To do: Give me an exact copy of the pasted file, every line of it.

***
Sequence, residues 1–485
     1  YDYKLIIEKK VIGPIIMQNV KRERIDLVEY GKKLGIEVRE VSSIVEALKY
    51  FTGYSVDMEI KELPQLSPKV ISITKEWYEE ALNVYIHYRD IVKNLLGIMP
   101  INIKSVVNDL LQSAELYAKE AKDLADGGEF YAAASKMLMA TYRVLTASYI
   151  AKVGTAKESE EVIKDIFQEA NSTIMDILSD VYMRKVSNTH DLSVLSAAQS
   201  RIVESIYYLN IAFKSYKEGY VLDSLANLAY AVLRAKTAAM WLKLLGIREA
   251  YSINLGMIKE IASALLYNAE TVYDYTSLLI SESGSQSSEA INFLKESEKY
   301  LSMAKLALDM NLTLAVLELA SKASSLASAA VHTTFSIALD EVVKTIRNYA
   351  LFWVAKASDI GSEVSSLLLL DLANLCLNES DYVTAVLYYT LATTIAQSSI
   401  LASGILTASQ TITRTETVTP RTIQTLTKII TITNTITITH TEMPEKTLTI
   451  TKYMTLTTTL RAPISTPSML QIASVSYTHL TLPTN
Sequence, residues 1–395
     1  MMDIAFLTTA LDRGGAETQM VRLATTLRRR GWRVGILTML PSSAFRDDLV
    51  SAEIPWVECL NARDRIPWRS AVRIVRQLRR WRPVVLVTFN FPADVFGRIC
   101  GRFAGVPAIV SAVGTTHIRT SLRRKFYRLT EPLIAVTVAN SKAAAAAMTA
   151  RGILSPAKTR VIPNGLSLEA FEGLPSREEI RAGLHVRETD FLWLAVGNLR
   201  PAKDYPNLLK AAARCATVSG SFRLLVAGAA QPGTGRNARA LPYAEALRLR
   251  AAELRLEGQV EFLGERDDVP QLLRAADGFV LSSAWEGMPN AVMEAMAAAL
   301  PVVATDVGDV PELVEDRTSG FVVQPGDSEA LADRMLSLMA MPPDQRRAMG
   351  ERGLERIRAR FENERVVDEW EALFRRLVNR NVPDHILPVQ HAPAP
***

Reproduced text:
Sequence, residues 1–485
     1  YDYKLIIEKK VIGPIIMQNV KRERIDLVEY GKKLGIEVRE VSSIVEALKY
    51  FTGYSVDMEI KELPQLSPKV ISITKEWYEE ALNVYIHYRD IVKNLLGIMP
   101  INIKSVVNDL LQSAELYAKE AKDLADGGEF YAAASKMLMA TYRVLTASYI
   151  AKVGTAKESE EVIKDIFQEA NSTIMDILSD VYMRKVSNTH DLSVLSAAQS
   201  RIVESIYYLN IAFKSYKEGY VLDSLANLAY AVLRAKTAAM WLKLLGIREA
   251  YSINLGMIKE IASALLYNAE TVYDYTSLLI SESGSQSSEA INFLKESEKY
   301  LSMAKLALDM NLTLAVLELA SKASSLASAA VHTTFSIALD EVVKTIRNYA
   351  LFWVAKASDI GSEVSSLLLL DLANLCLNES DYVTAVLYYT LATTIAQSSI
   401  LASGILTASQ TITRTETVTP RTIQTLTKII TITNTITITH TEMPEKTLTI
   451  TKYMTLTTTL RAPISTPSML QIASVSYTHL TLPTN
Sequence, residues 1–395
     1  MMDIAFLTTA LDRGGAETQM VRLATTLRRR GWRVGILTML PSSAFRDDLV
    51  SAEIPWVECL NARDRIPWRS AVRIVRQLRR WRPVVLVTFN FPADVFGRIC
   101  GRFAGVPAIV SAVGTTHIRT SLRRKFYRLT EPLIAVTVAN SKAAAAAMTA
   151  RGILSPAKTR VIPNGLSLEA FEGLPSREEI RAGLHVRETD FLWLAVGNLR
   201  PAKDYPNLLK AAARCATVSG SFRLLVAGAA QPGTGRNARA LPYAEALRLR
   251  AAELRLEGQV EFLGERDDVP QLLRAADGFV LSSAWEGMPN AVMEAMAAAL
   301  PVVATDVGDV PELVEDRTSG FVVQPGDSEA LADRMLSLMA MPPDQRRAMG
   351  ERGLERIRAR FENERVVDEW EALFRRLVNR NVPDHILPVQ HAPAP